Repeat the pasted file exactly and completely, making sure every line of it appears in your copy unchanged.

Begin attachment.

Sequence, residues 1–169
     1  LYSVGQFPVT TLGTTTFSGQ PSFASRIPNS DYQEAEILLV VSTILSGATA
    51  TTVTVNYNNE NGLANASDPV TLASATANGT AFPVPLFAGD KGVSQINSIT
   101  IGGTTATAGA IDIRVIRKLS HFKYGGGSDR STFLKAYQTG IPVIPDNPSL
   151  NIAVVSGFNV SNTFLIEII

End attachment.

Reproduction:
Sequence, residues 1–169
     1  LYSVGQFPVT TLGTTTFSGQ PSFASRIPNS DYQEAEILLV VSTILSGATA
    51  TTVTVNYNNE NGLANASDPV TLASATANGT AFPVPLFAGD KGVSQINSIT
   101  IGGTTATAGA IDIRVIRKLS HFKYGGGSDR STFLKAYQTG IPVIPDNPSL
   151  NIAVVSGFNV SNTFLIEII